Prime Minister Under the New Republic: A Philippine Experiment on Parliamentarism

Cite as: 26 Ateneo L.J. 49 (1981)
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Prime Minister Under the New Republic: A Philippine Experiment on Parliamentarism

Andres R. Soriano

26 Ateneo L.J. 49 (1981)

Subject(s):        Constitution

Keyword(s):     Prime Minister, Parliament, Government

Undeniably, the Philippines, as a nation, boasts of a rich historical background. Consequently, having been ruled by three foreign forces, colonization produced a people who had a knack of experimenting with different types of governmental structures until it finds that which would best suit its context. The plebiscite on the proposed constitutional amendments on 7 April 1981 was one of those experiments. There, the existing parliamentary form of government was modified, which primarily resulted in radical changes concerning the allocations of government powers and functions.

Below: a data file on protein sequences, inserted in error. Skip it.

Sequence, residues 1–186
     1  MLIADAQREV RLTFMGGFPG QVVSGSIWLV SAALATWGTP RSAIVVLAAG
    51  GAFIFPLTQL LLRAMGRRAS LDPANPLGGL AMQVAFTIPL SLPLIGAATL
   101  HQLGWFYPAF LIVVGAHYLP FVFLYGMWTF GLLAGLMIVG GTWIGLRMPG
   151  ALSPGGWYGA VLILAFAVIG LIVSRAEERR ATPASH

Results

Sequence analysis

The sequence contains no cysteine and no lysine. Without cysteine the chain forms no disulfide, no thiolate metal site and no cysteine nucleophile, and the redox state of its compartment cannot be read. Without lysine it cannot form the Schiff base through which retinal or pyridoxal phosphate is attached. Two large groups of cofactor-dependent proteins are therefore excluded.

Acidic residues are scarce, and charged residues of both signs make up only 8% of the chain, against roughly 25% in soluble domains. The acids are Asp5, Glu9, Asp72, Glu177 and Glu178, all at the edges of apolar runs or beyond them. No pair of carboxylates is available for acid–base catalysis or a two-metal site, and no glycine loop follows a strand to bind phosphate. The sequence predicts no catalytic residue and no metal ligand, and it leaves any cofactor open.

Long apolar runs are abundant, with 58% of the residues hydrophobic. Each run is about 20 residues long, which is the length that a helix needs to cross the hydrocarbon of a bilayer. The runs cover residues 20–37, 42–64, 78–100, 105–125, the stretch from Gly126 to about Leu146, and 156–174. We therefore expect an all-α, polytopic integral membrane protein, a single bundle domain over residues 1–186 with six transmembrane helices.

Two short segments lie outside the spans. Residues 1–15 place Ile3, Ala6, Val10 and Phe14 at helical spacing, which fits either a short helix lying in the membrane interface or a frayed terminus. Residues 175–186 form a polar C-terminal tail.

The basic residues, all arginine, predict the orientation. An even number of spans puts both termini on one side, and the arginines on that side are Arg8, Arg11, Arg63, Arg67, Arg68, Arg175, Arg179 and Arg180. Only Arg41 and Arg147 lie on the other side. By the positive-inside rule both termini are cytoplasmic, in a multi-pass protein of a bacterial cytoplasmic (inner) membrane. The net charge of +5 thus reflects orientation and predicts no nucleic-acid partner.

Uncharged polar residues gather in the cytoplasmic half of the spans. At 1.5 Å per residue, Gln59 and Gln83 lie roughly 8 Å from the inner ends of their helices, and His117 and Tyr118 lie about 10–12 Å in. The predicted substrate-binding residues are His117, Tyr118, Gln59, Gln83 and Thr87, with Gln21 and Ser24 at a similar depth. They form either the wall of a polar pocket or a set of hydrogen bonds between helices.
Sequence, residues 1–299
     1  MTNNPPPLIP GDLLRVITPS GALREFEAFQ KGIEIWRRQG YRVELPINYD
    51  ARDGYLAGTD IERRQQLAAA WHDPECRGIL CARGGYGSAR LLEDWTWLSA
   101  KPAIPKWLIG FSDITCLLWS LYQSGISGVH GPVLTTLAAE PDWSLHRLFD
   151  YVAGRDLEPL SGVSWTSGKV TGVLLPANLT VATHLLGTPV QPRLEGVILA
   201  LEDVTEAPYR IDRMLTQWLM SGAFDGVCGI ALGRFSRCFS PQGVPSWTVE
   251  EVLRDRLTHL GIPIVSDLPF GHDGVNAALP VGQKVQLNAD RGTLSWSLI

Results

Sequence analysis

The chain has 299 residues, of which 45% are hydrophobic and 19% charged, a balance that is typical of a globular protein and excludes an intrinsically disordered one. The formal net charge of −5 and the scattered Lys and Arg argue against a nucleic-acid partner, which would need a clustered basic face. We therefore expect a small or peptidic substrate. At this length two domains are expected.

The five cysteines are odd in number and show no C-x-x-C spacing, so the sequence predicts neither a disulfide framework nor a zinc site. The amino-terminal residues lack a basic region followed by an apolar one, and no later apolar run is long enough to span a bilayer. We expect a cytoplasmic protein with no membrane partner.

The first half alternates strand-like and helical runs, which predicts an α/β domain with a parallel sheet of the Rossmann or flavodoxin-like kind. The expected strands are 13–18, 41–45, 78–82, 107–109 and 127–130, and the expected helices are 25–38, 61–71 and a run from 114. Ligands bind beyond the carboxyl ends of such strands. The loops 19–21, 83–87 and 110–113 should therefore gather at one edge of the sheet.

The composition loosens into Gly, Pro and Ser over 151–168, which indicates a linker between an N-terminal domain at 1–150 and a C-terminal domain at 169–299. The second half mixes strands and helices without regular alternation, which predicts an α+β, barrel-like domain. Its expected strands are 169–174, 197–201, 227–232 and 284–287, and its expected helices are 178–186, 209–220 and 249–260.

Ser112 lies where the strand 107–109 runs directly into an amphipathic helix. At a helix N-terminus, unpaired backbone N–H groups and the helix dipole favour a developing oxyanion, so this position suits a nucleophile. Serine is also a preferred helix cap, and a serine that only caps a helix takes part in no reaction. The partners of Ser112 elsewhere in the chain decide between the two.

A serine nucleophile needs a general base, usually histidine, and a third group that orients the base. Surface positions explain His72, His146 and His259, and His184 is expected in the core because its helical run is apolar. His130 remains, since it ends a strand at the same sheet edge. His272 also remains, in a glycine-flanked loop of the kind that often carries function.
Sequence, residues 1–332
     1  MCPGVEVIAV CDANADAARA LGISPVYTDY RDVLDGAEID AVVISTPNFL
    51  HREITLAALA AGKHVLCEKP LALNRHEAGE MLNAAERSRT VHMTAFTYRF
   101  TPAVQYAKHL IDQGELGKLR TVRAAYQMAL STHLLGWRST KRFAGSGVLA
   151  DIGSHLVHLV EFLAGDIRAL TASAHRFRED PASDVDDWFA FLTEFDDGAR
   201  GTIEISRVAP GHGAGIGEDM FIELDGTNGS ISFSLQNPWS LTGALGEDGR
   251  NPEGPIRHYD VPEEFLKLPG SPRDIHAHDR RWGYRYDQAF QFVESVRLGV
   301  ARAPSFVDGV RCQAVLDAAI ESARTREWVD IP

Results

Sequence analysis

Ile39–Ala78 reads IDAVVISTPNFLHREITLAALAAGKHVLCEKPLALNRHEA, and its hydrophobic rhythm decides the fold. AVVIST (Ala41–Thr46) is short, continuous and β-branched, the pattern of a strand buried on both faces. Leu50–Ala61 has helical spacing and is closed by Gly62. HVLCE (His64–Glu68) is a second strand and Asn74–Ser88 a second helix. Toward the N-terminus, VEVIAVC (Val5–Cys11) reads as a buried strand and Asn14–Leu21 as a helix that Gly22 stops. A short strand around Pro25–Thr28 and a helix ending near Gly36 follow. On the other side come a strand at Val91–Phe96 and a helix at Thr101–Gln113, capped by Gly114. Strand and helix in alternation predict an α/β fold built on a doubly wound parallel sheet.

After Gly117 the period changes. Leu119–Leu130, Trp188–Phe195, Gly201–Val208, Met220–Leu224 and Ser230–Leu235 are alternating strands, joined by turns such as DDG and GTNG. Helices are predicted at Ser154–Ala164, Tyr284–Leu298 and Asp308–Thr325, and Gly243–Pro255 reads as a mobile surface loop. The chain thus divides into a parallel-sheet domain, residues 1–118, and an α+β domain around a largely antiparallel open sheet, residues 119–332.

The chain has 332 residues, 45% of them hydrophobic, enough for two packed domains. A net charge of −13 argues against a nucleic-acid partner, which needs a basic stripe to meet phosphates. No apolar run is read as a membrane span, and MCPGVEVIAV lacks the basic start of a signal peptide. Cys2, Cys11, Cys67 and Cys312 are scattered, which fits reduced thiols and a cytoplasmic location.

The Author, in this Comment, would examine the change brought about by such a plebiscite on the existing government structure. To simplify the discussion, the analysis would center on the role of the Prime Minister in each governmental set-up. Hence, the significance of the Prime Minister’s position is viewed vis-à-vis the 1973 Constitution, the National Assembly, and the 1981 Constitutional Amendments. His role as Chief Legislator is also analyzed. In conclusion, the Author presents a question that goes into the very reason of existence of the Prime Minister amidst changing governmental contexts.

 

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